Betty Spackman, a theist artist, discusses at great length the usefulness of religious kitsch (Christian) and its effect on the purchaser. She writes, “there are a lot of evangelicals involved in creating crafts that are meant as either ‘witnessing tools’ or personal devotional aids. Despite their (usually) amateur quality these handmade, homemade articles have a great deal of impact on people. Someone has invested time and energy, and so no matter what their quality they are imbued with a certain authenticity and value because they have a known ‘author.’” (Spackman 411) This “certain authenticity and value” can be viewed as what Solomon described earlier as kitsch deceiving our emotional reactions to art work. Christian kitsch Spackman believes is quite necessary and in fact deeply enriching for the Christian who purchases the object.  However, if we consider Solomon’s final description of kitsch in which “Kitsch is art (whether or not it is good art) that is deliberately designed to so move us, by presenting a well selected and perhaps much edited version of some particularly and predictably moving aspect of our shared experience, including, plausibly enough, innocent scenes of small children and our favorite pets playing and religious and other sacred icons.” (Solomon 345)  Spackman’s position is somewhat shaky. Kitsch may cheapen the effect of these religious articles, not for the purchaser, but for the non-believer.  It may become clear that kitsch and sentimentality manipulates our emotions, forcing the individual to have a cheesy, aaaah moment (Solomon 343). 
So, is religious art kitsch? Well surely, prayer candles may be viewed as kitsch but it is certainly a functioning tool for the Christian.  Similarly, the Star of David pendant strapped around one’s neck may be viewed as kitsch from an atheist perspective but for the individual who adorns their body with this jewelry it is more of a reminder to “hold faith.” So where does the separation of kitsch and functional tools of faith happen when viewing these art objects? The difference is the perspective of the viewer, as relativistic as this sounds: the religious art object is only kitsch when in relation to the viewer of the art object as something that gives a deeply sentimental emotion. Religious kitsch such as the “buddy Christ” statuettes, which is an almost comic-bookesque representation of Jesus Christ holding two thumbs up and an impressive wink, may be considered kitsch in the sense that it is mass produced and supposed to evoke some religious comedic relief to the viewer, whereas the Star of David pendant may be seen as kitsch by non-Jewish peoples. 

            In this essay I have defined kitsch as a type of art object that plays off of emotional sentiments. These sentiments are supposed to give the individual a sense of deeper meaning, comfort, emotional catharsis, and also a warm and fuzzy feeling. Given that most if not all religious art is meant to give the viewer some sort of spiritual emotion, it is safe to say that for the atheist all religious art can be considered kitsch. When an atheist views a statue of “Buddy Christ” the object is meant to be a humorous attempt at religious kitsch as opposed to a small figurine of Buddha which is meant as a sort of spiritual reminder.  The intended meanings are completely different.  However, that does not make the categorical claim that these are both works of kitsch any less true. On the flipside, it is almost too simple to state that atheists would consider all works of religious art as kitsch. As argued by Leddy, it is possible for an atheist to feel a spiritually moving emotion while viewing any art object, without belief in a spirit or higher being. That said, when a religious art object is viewed by an atheist and the atheist feels a deep emotional response to the work, it is possible that that particular art work is not kitsch but rather an art object that can move an atheist past the sentimental objective of the art object.  In short, the religious context of an art object does not necessarily categorize a work of art as kitsch; it is only when that object is viewed through the religious lens that it may become kitsch to some. For example, the Sistine Chapel has vast murals of religious art from one of the most impressive, talented, ingenious artists of all time. Rarely would we hear the utterance “this is kitsch” in the presence of such monumental religious art, although for some atheists the mere having a religious subject matter would make these great works of art kitsch if the intention of these paintings is to move an individual into a kitsch like emotional state, full of manipulative sentiments. Not all religious art is kitsch in the eyes of the atheist, and on the same token not all religious art is considered meaningful to the religious.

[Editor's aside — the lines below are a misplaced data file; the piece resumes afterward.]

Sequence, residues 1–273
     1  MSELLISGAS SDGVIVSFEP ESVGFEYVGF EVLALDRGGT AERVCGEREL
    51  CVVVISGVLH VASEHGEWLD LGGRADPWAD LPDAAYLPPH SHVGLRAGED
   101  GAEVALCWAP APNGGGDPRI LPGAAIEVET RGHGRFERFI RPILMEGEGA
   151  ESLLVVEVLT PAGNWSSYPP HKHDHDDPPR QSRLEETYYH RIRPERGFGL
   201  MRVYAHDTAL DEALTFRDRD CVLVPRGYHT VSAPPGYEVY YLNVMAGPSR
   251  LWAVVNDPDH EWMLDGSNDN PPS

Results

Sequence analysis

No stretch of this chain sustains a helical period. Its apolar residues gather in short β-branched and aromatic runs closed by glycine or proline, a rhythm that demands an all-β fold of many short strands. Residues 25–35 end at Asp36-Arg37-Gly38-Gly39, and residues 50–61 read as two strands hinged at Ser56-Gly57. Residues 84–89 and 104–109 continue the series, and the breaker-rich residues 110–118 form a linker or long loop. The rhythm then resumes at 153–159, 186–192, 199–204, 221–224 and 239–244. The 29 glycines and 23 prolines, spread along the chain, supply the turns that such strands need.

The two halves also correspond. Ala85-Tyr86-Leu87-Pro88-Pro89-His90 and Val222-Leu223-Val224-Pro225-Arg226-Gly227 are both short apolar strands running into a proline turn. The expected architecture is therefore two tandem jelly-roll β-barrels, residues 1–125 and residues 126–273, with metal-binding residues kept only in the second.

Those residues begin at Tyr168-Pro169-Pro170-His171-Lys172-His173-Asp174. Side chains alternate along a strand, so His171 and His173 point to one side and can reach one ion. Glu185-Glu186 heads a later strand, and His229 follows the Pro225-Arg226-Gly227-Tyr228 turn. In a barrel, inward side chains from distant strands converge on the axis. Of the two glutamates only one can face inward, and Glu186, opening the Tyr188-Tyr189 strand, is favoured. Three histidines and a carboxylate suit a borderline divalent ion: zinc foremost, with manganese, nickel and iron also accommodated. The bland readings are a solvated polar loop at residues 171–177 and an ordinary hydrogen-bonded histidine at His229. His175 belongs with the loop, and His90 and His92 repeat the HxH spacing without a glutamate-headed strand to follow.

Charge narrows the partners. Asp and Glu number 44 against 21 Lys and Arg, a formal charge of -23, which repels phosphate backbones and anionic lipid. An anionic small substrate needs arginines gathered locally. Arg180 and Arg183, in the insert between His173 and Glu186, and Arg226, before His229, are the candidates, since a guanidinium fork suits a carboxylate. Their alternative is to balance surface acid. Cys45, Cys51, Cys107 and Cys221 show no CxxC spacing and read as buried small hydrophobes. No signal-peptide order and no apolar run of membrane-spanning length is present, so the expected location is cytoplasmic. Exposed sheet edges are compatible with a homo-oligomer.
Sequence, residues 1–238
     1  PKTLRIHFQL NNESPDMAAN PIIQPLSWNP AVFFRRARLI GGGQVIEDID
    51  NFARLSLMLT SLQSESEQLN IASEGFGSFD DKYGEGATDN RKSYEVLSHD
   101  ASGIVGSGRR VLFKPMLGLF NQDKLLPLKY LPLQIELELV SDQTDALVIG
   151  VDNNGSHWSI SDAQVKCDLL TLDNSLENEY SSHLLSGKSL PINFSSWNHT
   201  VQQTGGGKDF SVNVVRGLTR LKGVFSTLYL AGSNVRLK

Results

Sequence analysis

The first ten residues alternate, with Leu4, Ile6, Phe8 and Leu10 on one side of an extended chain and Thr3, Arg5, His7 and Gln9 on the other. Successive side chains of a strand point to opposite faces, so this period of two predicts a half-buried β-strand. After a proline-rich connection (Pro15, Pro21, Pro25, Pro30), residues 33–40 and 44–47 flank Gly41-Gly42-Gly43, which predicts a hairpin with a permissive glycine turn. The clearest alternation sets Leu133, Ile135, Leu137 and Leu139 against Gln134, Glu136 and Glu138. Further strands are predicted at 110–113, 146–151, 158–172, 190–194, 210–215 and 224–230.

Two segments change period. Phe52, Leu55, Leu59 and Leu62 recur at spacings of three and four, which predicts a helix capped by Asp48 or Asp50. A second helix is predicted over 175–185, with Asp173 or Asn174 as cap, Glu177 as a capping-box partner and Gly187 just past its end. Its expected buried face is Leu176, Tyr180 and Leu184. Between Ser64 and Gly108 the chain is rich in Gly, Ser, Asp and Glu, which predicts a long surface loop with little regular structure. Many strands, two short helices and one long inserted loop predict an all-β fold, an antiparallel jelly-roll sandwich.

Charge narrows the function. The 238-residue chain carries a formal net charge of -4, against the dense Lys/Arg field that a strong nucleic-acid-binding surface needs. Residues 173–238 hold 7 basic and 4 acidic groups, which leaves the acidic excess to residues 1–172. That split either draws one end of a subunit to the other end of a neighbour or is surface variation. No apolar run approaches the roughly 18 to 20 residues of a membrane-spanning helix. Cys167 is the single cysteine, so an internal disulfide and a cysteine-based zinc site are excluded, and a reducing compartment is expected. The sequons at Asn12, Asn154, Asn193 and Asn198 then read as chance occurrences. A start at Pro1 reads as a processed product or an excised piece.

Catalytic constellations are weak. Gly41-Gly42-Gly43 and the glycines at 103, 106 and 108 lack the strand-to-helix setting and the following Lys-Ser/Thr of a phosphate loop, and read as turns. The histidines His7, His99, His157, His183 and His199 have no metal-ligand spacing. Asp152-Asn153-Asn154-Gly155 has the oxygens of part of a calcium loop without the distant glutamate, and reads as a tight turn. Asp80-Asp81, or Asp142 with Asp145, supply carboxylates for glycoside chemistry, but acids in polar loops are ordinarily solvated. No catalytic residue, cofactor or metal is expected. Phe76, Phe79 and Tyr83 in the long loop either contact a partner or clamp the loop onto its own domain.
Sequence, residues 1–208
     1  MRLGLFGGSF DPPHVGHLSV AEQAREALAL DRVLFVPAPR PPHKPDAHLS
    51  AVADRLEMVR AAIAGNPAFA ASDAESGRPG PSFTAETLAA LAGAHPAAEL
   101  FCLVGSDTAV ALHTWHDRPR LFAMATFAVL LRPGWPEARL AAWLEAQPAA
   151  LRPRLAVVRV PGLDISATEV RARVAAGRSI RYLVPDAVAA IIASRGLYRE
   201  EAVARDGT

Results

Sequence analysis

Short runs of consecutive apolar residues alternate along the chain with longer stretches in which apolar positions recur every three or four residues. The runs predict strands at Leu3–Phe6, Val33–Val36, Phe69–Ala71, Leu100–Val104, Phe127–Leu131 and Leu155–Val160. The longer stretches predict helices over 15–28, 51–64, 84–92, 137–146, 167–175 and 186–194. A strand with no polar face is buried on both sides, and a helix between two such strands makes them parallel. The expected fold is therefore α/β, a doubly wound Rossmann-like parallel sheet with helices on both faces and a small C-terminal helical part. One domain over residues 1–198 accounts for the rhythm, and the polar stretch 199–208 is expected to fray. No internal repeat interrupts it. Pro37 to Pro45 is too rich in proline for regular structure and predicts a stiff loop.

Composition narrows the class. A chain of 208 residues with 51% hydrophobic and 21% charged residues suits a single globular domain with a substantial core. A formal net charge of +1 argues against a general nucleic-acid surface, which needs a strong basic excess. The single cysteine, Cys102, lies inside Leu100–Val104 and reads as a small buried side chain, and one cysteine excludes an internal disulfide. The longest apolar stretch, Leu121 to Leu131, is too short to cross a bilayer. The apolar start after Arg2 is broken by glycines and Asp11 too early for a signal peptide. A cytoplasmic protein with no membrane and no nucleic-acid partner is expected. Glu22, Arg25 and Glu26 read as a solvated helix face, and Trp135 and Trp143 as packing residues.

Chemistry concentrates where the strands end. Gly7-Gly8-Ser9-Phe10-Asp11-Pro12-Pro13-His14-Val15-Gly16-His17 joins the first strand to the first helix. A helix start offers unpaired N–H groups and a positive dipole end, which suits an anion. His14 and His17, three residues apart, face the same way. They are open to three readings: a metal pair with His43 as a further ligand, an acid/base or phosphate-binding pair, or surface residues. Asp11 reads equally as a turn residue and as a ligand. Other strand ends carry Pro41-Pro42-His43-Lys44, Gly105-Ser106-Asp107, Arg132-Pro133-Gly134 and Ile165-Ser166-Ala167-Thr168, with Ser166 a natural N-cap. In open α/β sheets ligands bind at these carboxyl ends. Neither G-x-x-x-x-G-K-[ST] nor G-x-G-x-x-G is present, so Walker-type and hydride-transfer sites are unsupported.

ebay.uk. n.d. http://www.ebay.co.uk/itm/BUDDY-CHRIST-DOGMA-STATUE-JAY-AND-SILENT-BOB-VIEW-ASKEW-KEVIN-SMITH-STATUETTE-/281134413569.
Heidicries.com. n.d. http://www.heidicries.com/ProductList.php?id=351.
Leddy, Tom. Aesthetics Today. march 2014. 26 march 2014 http://aestheticstoday.blogspot.com/2014/03/kant-and-imagination-and-aesthetic.html.
—. Aesthetics Today. October 2013. 26 March 2014 http://aestheticstoday.blogspot.com/2013/10/aesthetic-atheism.html.
Solomon, Robert. "Kitsch." Goldblatt, David and Lee Brown. Aesthetics: A Reader in Philosophy of the Arts. Boston: Pearson, 2011. 342-345.
Spackman, Betty. "Reconsidering "Kitsch." Material Religion (2005): 405-416.
www.flickr.com. n.d. https://www.flickr.com/photos/jenx5/3672823120/.



[1] Thomas Leddy, Aesthetics Today —. Aesthetics Today. October 2013. 26 March 2014 http://aestheticstoday.blogspot.com/2013/10/aesthetic-atheism.html
[2] I use the word spiritual in sense that is non-religious. Spirituality as it is used here is referring to an extra empirical sensation, though it may be caused by sense experience. It is not being used, in any fashion alluding to extraterrestrial or supernatural levels of elation or faith.